Human Body Organs

Red Blood Cells

The medium through which our body gets enough supply of oxygen are the red blood cells (RBCs). Elucidated below is an overview of red blood cells and their importance.
More than 4000 kinds of components are present in our highly specified blood tissue. White blood cells, red cells, plasma and the platelets are the four most important components amongst the rest. About 7-8% of the weight in the human body is made up by blood. Blood delivers oxygen to the various organs in our body, fights diseases and if the blood vessel is harmed, the RBCs help in reducing the excessive bleeding. This important component is a reason for various important functions in our body like carrying oxygen and nutrients for the cells and freeing the body from ammonia, carbon dioxide and other waste products.

What Are RBCs
» Also known as erythrocytes, these cells are large microscopical cells without nuclei. Out of the total blood volume, 40-50% are red cells.
» It is the primary support of the circulatory system, i.e., the cardiovascular system. The cells take the color "red" from a chemical protein called hemoglobin.
» The erythrocytes contain hemoglobin, which helps in providing oxygen to the heart.
» The oxygen corpuscles in the heart link themselves to the hemoglobin and thus, are transported to the various organs of the body.
» When the hemoglobin has given away all the oxygen particles, the empty hemoglobin particle is taken over by carbon dioxide on its way back to the heart.

Size and Cell Count
» Twenty to thirty trillion erythrocytes (RBCs) circulate in the bloodstream of an average adult.
» Every corpuscle is uniquely planned to channelize and exchange oxygen and carbon dioxide.
» RBCs are disc-shaped and measure 6-8 micrometers (µm) in diameter. Approximately 200 billion RBCs are produced every day and their lifespan is around 120 to 125 days.
» The count of these cells vary with the gender of the individual. The average count is 4.2 to 5.4 million cells per microliter in women and in case of men, it is about 4.7 to 6.1 million cells per microliter.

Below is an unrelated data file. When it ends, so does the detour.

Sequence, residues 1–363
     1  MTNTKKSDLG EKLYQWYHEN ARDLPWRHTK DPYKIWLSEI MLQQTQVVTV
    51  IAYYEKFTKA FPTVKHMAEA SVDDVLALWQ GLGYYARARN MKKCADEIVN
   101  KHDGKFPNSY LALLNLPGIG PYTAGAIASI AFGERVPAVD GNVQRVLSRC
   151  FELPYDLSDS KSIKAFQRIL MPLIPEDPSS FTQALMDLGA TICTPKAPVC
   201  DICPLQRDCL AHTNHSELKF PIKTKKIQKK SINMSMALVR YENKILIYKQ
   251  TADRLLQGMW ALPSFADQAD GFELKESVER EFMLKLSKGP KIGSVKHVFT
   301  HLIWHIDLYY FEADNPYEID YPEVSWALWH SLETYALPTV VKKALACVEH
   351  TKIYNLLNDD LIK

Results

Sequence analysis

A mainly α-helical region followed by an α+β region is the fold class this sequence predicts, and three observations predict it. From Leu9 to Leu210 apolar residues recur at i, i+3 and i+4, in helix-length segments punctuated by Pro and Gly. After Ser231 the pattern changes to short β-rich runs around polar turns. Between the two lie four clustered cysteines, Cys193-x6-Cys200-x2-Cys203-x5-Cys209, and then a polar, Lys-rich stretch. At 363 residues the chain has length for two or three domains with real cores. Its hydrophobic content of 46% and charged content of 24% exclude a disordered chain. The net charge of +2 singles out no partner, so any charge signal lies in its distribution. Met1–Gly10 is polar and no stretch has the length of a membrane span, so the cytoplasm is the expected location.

» Compared to other corpuscles in the body red blood cells are the smallest. Every cell consists of approximately 270 million hemoglobin molecules and each carry four groups of heme.

Erythropoiesis - Formation of RBCs
(Erythro - RBC and poiesis - to make)
» It is a process through which red blood cells are formed in the human body. In this process, the cells are produced in the bone marrow of the large bones.
» The production rate per second is approximately two million.
» The cells which are released by the bone marrow in the blood are known as reticulocytes. These reticulocytes have around one percent of circulating blood cells.
» As the cells start to mature, their plasma membrane keeps on undergoing several changes so that the phagocytes can identify the worn-out cells, which would result into phagocytosis.
» The hemoglobin particles are further broken down into iron and biliverdin. The latter changes into bilirubin, which along with the iron particle is released into the plasma. This again is circulated with the help of a carrier protein, called transferrin.

Indicators of Good Health
» A lot of disorders can be rooted in the malfunctioning of red blood cells. Anemia is one of the most common blood-related diseases, which is caused by the deficiency of iron, which in turn results in the insufficiency of hemoglobin.
» Thalassemia is also a disease against which the whole world is trying to fight. It is a genetic disease, which is caused due to the production of abnormal ratio of hemoglobin subunits.
» Hemolysis is another disease in which the red blood cells degenerate more than they should.

Red blood cells are an important part of the body's mechanism and thus, proper care should be taken so as to increase their count by the intake of iron-rich food products.